A massive swirl behind the fly made me literally sh1t myself. The fish was huge – especially for the 10lb tippet I had on. I lifted my rod hard and tried to lift the fly out the water to change up the tippet. Fail. The fly merely created a beautiful fleeing baitfish just sub surface. The surface where the fly was appeared to be effected by some underwater upheaval as it was inhaled by the fish below.
Oh crap! No choice now but to nurse the thin tippet.
The reel screamed as soon as I set the hook. 20m down the lagoon a tarpon did a backflip. My heart sank. How would I ever land it?
But somehow the tippet managed to sustain the first few jumps. My heart was roaring as I actually managed to turn the fish. (I think he actually turned around!) Working him slowly back towards me I tried my very best to protect the tippet. The next run he made was into the water lilies. I could feel the tippet being abused – the normally thin and easily broken stems suddenly seemed in my mind to be rough, sharp-edged tippet cutting rasps. I was sweating!
Out! He was tired and I could feel it. Now just to get him through the lillies in front of me.
He was on the surface in his silver magnificence. Wanting to end it as soon as possible I mistook his his lying there as him being beaten. I wanted him landed and I lent in too early to grab his gaping mouth. A final last effort lurch on his part parted the tippet like it was tying floss. I stared helplessly as he sank back into the brakish water.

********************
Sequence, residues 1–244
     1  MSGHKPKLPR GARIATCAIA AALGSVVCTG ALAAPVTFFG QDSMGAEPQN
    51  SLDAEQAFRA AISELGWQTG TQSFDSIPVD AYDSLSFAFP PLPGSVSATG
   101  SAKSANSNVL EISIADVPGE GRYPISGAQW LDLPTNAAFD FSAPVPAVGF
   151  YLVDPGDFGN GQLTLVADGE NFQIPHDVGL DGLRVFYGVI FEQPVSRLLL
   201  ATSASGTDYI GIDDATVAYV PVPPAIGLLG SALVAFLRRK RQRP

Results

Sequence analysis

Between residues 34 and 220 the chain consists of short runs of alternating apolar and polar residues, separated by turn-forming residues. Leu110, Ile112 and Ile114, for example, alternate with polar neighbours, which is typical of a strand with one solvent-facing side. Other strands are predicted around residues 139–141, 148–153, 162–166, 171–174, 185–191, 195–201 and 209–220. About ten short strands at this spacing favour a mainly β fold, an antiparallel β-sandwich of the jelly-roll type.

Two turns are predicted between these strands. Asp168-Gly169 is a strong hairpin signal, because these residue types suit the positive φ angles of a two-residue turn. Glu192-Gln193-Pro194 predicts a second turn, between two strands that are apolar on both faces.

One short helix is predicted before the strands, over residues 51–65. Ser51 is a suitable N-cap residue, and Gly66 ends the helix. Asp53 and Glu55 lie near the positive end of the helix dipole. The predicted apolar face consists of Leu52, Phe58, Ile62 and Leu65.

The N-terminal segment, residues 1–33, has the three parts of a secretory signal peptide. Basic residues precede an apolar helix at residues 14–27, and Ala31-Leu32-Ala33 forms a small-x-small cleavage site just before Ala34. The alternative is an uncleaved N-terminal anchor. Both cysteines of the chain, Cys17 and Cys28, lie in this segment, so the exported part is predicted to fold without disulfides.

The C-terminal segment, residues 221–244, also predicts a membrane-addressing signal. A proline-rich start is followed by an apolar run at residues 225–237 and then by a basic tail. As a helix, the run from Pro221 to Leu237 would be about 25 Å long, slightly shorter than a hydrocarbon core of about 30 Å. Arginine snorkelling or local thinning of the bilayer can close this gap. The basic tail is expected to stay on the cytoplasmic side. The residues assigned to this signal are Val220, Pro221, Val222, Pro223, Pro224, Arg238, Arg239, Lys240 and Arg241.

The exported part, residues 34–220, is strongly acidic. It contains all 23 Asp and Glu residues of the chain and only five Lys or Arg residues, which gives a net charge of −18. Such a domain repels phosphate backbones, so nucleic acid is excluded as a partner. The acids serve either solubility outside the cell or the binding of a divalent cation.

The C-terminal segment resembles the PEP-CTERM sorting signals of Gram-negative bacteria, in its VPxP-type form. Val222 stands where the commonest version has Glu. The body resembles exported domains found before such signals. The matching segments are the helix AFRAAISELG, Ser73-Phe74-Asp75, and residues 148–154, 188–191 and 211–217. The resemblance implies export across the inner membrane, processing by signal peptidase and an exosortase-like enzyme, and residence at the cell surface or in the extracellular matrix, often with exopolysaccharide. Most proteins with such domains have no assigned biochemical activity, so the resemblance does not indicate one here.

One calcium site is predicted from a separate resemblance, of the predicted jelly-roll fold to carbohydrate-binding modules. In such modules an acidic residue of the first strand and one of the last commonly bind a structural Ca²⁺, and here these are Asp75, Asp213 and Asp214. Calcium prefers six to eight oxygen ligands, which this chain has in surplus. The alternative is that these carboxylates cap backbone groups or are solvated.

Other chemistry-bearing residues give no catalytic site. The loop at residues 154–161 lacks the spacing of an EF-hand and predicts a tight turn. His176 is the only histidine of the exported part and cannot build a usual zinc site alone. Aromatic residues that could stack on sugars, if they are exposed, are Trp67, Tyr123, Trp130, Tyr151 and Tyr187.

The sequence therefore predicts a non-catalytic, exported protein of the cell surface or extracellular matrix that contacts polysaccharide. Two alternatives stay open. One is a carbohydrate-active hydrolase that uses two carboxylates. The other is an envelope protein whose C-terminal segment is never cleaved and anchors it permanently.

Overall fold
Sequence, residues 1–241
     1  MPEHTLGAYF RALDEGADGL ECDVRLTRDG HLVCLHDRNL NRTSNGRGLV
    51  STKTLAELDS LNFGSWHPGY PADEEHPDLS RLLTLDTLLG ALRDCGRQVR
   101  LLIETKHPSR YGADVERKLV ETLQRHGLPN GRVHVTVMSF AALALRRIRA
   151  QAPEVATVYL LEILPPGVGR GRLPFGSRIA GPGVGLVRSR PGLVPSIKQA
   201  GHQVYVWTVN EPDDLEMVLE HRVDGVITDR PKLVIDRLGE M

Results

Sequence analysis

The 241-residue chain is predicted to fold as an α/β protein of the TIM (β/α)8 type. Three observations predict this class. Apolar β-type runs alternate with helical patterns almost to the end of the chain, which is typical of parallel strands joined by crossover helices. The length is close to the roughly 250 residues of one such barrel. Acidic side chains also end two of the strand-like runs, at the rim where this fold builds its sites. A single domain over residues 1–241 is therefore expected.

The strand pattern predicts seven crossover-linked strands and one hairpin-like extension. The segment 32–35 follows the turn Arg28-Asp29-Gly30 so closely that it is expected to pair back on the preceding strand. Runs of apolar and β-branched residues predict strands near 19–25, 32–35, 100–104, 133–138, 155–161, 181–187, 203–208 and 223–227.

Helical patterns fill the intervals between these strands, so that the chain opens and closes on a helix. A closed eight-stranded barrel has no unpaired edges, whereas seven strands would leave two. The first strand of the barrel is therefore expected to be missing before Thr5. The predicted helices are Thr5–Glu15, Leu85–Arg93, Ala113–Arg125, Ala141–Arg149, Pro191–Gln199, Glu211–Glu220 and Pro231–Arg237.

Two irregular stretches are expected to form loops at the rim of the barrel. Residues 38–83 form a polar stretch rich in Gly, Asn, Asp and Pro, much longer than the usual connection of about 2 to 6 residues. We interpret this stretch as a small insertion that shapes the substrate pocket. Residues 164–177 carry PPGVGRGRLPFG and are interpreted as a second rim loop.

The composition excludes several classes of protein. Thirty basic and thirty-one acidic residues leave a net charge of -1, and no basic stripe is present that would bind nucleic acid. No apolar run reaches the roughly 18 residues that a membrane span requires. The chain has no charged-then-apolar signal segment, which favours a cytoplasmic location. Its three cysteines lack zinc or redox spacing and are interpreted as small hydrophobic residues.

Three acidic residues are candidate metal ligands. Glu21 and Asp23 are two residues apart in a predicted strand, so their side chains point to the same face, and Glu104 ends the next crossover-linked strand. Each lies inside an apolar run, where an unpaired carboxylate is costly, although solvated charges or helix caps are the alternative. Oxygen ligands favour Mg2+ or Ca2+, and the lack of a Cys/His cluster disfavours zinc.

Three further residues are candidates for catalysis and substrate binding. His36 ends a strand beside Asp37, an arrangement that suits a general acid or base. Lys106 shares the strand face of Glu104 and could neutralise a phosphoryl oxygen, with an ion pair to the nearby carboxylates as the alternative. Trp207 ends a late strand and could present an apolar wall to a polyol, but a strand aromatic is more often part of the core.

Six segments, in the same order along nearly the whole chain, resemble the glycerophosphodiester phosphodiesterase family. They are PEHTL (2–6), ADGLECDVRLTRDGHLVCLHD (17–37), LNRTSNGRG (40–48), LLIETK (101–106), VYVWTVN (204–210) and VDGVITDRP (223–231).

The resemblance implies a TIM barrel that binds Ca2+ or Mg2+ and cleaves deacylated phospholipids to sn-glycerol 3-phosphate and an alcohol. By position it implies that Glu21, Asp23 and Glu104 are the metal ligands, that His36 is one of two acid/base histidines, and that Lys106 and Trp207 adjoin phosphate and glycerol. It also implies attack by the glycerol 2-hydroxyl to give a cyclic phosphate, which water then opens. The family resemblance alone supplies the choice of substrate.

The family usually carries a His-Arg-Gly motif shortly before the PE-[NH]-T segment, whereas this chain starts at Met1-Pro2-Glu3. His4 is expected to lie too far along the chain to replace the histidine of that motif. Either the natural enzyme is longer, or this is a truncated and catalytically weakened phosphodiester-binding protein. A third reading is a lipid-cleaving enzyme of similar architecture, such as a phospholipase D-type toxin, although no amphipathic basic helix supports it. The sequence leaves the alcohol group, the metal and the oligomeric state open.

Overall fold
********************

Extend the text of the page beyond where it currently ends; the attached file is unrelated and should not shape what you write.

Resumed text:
The next morning I was bank on the bank. Hoping. I could see a tarpon rolling every 5 or so minutes about 80m up the lagoon. The problem was that I couldn´t get within casting range thanks to the overgrown banks. I could a sight clearing on the left bank about a hundred meters from where I stood. I had to get there. Dodging big spiders, climbing through a barb-wire fence and climbing through thick undergrowth I found myself knee on a muddy bank uptream from the rolling tarpon. The cast was almost makeable!
Slowly stripping line from the reel I noticed a different movement of water out the corner of my eye. I knew it immediately. I´d seen the same on the Zambezi and other other east bound rivers of Southern Africa. My blood went cold. Cruising about 8m from me was a solid, toothy reptile.
¨It´s a f&%$#?g croc!!!¨ my mind screamed at me.
Somehow I kept my head and slowly moved backwards towards the bank. The amount of water the reptile moved as it saw me sent birds on the far bank flying. For a second I thought I was going to be breakfast! However I think it got a bigger fright than me. When I looked again I was 5m off the bank and about 2m off the ground in a tree!
My heart eventually stopped beating twenty minutes later. The tarpon kept rolling in the distance and I simply admitted defeat!